[AstroPy] got flux-conservative rebinning?
Thu Apr 19 15:42:49 CDT 2012
On 19 April 2012 18:50, Marshall Perrin <email@example.com> wrote:
> While we're fishing for useful algorithms, does anyone have a convenient
> implementation of flux-conservative rebinning? The image interpolations in
> scipy.ndimage are not conservative. Montage can do this, of course, but
> that seems like overkill (and adds a lot of interface complexity) if I just
> want to scale an image by 75% while conserving energy... Thanks in
> - Marshall
The pyast package (https://github.com/timj/starlink-pyast) can do
this. Specifically, see the rebin
(http://dsberry.github.com/starlink/node1.html#Rebin) and resample
(http://dsberry.github.com/starlink/node1.html#Resample) methods. For
# Create an object describing the mathematical transformation between
# of a value in the input array and its corresponding position in the
output array. Here,
# a simple mapping that zooms by a factor of 0.75 about the origin of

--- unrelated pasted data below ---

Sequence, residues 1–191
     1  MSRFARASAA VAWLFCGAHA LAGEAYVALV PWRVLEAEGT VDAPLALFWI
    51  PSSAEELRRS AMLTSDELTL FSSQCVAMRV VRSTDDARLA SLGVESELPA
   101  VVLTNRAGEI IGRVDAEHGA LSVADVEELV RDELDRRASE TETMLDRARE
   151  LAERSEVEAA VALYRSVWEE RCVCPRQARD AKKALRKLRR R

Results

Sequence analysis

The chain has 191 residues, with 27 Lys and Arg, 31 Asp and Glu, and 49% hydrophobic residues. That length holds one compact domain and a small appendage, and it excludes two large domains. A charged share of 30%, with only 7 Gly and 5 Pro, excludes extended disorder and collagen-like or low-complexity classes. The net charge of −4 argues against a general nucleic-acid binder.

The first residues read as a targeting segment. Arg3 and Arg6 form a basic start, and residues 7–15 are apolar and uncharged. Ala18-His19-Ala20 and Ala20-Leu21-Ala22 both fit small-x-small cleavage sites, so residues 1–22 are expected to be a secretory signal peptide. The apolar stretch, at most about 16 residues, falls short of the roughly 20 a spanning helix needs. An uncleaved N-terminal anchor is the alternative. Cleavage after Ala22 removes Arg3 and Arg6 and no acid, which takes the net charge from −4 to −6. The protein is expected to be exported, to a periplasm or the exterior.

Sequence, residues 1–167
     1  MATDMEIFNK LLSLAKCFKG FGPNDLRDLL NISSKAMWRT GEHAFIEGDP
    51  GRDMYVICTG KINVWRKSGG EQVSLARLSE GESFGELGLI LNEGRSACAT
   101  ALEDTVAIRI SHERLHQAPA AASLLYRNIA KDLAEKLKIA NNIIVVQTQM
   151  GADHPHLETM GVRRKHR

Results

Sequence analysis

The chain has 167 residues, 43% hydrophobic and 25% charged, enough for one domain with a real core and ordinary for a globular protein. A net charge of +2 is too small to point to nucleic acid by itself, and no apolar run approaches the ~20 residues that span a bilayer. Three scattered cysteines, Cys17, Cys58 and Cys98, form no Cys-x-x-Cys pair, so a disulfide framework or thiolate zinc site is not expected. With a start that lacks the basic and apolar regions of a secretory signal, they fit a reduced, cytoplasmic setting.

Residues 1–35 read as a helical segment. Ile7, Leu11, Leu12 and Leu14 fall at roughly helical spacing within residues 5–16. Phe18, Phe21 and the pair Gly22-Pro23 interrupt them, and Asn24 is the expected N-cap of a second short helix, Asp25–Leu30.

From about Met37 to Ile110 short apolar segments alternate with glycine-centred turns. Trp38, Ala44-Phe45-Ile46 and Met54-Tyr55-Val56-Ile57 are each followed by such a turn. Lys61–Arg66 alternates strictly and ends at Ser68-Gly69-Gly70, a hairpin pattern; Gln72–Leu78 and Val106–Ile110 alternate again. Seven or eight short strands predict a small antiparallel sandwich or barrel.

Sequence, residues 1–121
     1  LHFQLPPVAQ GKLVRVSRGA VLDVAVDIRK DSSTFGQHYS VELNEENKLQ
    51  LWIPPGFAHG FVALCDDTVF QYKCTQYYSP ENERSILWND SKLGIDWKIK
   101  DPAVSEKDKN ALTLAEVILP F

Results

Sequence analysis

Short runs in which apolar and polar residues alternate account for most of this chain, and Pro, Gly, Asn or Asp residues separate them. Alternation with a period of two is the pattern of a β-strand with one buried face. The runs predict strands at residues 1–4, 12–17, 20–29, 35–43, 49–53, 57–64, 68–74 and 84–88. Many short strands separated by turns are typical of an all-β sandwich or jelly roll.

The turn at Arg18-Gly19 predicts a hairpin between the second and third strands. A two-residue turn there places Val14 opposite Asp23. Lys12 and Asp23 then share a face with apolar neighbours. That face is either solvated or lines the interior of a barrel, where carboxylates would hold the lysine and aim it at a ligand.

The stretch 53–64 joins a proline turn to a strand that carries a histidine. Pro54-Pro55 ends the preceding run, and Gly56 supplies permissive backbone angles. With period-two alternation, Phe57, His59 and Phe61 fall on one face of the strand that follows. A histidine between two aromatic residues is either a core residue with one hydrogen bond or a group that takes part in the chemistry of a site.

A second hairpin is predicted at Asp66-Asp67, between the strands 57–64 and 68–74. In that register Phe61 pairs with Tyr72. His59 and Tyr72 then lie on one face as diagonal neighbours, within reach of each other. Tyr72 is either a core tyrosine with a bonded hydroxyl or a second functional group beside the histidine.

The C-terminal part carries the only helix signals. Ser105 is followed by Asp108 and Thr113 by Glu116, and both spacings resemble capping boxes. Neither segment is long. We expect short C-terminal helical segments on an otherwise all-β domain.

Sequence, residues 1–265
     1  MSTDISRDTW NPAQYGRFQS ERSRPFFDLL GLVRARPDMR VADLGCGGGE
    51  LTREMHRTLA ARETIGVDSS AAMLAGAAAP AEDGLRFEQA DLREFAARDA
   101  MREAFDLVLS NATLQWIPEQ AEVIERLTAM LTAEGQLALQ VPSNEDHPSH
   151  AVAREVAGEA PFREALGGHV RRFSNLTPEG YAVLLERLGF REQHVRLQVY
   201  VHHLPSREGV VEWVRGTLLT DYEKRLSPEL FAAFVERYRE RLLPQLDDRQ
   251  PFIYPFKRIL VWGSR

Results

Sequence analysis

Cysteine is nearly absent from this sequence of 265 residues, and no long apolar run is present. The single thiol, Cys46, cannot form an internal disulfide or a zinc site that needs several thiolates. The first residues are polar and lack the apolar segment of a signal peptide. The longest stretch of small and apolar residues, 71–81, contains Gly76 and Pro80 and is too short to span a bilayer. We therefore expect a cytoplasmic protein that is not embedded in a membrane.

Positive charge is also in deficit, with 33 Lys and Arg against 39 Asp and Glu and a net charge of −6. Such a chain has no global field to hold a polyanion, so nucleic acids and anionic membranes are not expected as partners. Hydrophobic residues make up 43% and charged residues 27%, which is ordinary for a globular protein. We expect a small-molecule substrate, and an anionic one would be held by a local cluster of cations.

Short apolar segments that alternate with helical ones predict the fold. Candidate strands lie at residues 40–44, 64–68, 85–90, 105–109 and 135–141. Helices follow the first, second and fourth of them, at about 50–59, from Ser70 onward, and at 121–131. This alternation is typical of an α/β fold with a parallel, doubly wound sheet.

a 2D coordinate
# system. AST can do create many other forms of mapping, including compound
# mappings formed by combining simpler mappings.
zoommap = starlink.Ast.ZoomMap( 2, 0.75 )
# Create the 2D array to use as a test of the rebinning.
data_in = numpy.array( ....... )
# Paste the elements of this array into another array, using "zoommap" to
# describe the transformation from the position of each sample in the input
# array to its position in the output array. u/lbnd_in gives the
dimensions of the input
# array to be rebinned. Divide each input value up linearly between
# the neighbouring output values (other schemes are available too). Any input
# values equal to starlink.AST.BAD are ignored (useful for flagging
# The output array is created and returned as the method value, and
# given by lbnd_out/ubnd_out.
out = zoommap.rebin( 0.5, lbnd_in, ubnd_in, data_in, None, starlink.Ast.LINEAR,
starlink.Ast.USEBAD , 0.0, 100,
ubnd_out, lbnd, ubnd )
If an array holding the variance of each input value is available,
these methods can also calculate the variance of each output value.
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